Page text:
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NBA's new season looks like it's can't miss; just ask the analysts

ESPN NBA analyst and former Knicks coach Jeff

ESPN NBA analyst and former Knicks coach Jeff Van Gundy is shown before the start of a preseason NBA game between the Miami Heat and New Orleans Hornets in Miami. Credit: AP, 2012

Greg Anthony called it "a bit of a perfect storm.''

Reggie Miller said, "We are cruising a nice wave right here."

Mark Jackson saw it as "an extremely high point.''

Jeff Van Gundy lauded "a great position.''

OK, so perhaps the top analysts for the NBA's two biggest TV partners -- Turner (Anthony and Miller) and ESPN (Jackson and Van Gundy) -- are not the most objective possible sources. But few would accuse them of overstating the case.

By any objective measure, this is a good time to be the NBA, which as it begins its 2014-15 season is reveling in riches on all fronts, from story lines to the bottom line.

About the latter: The league earlier this month signed extensions with ESPN and Turner that will reap $24 billion and expire a few months after LeBron James' 40th birthday, a development that made the notion of Steve Ballmer paying $2 billion for the Clippers seem significantly less reckless.

And about the former: Well, let's see . . . James is returning to Cleveland, Kobe Bryant and Derrick Rose are back from injuries for the Lakers and Bulls, Phil Jackson is attempting to reshape the Knicks with Carmelo Anthony safely back in the fold, the Western Conference again is a hyper-talented, anything-can-happen free-for-all, etc.

Added bonus: Unlike the only American sports league that is more popular and wealthy than the NBA, basketball has been relatively scandal-free of late and has a widely liked new commissioner still in his honeymoon period.

"I don't want to necessarily look at it as a peak,'' Greg Anthony said. "I think this is a progression that has a lot of upward mobility, and I think it always starts in a league that's star-driven with the character of our stars. I mean, just think about how these guys have resonated with the public. From LeBron James, even though he had his issues when he left Cleveland, to Kevin Durant. These guys have high character, and I think for a sport that really values that connection from their athletes to the fans, we couldn't have a better dynamic when you look at that.''

Said Miller, "I think out of all the sports leagues, and this goes back to '85 with commissioner [David] Stern, I do not think there's another sports league that really markets their superstars at a higher level.''

Miller noted the young players poised to join the superstar pipeline, including the Bucks' Jabari Parker, the No. 2 overall pick in this year's draft. "We do a good job jumping on the backs of our superstars, but at the end of the day, these guys go out and perform at a high level, and I think that always helps the product,'' Miller said. "When your players are out there doing what they do best on the biggest stage, I think that draws fans to the game, and that's what makes it so marketable right now -- and so profitable.''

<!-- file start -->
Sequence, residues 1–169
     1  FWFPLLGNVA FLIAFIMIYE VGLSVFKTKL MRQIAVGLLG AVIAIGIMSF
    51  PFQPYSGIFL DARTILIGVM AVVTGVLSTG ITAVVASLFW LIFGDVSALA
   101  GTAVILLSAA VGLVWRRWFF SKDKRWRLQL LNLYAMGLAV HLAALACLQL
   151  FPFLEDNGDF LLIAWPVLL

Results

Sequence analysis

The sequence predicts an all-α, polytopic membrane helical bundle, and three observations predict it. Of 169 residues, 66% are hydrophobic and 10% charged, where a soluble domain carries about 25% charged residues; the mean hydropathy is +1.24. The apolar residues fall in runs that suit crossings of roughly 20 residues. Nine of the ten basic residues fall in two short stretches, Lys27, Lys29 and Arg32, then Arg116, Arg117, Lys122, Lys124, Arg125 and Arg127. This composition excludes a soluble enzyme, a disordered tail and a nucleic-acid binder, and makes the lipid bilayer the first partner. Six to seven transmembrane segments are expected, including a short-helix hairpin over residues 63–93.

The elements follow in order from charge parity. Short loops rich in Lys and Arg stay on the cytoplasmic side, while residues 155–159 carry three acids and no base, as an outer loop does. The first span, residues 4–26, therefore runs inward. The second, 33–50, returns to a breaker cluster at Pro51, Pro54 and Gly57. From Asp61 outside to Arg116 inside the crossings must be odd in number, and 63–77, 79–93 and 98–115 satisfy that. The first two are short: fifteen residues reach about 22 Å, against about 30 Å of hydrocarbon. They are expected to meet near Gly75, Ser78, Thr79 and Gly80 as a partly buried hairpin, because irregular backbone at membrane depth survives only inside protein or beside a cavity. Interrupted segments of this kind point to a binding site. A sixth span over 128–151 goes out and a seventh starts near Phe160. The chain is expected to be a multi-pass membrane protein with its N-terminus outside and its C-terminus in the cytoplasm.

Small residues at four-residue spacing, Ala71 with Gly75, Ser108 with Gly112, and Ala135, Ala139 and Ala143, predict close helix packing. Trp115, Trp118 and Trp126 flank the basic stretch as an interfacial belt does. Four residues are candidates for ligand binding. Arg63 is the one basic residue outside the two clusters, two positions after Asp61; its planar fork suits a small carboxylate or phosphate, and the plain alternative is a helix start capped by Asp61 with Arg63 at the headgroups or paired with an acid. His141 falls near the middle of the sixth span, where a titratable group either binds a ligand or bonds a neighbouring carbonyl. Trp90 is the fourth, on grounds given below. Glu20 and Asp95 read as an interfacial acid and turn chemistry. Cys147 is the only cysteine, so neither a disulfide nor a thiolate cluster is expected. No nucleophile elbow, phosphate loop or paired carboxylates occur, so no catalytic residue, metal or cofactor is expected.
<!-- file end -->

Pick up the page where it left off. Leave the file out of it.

The NBA has added to its degree of difficulty by succeeding with its two most traditional powers, the Celtics and Lakers, failing to make the playoffs last season and unlikely to do so in 2014-15. But those franchises historically have bounced back after regrouping. Perhaps even more importantly, there is widespread optimism in New York that Phil Jackson will end the franchise's long championship drought -- eventually.

For now, the defending champs are the low-wattage, small-market Spurs, and the public does not seem to mind.

"I think as a fan, there are so many stories because no longer can you say, well, this is a team that's going to run away or these are the two teams,'' Mark Jackson said. "There are so many teams that have a legitimate chance.

"Even if you say, like Jeff said earlier, two in the Eastern Conference and five at least in the Western Conference, that is seven teams with a legitimate chance to, at the end of the day, win it all, and I think it is great for basketball and it's great as a fan.''

Van Gundy did not disagree about the state of the league, but he did sound a note of caution against complacency.

"I think one thing that the NBA through this era of prosperity has to be very aware of is what they can do for the fan, because prices continue to go up; everything around the live viewing experience continues to increase,'' he said.

"Sometimes when you're in this prosperity era, where everything is going well, we can lose sight of who are the main reasons for our successes -- the great players, the people who drive the business aspect, but it's also the fans that continue to buy the product.

"I think we have to look out as all this money is getting passed around. How can we make it better for the fan? Is there a way to cut concessions or ticket prices to make it more affordable? I think it's something we need to explore.''

For now, fans continue to pay in droves to watch their teams in person in most markets, and even more importantly, major TV networks are poised to pay big deep into the next decade.

"It's an awesome time to be an NBA owner, player, coach, management,'' Mark Jackson said. "It's just an incredible time.''

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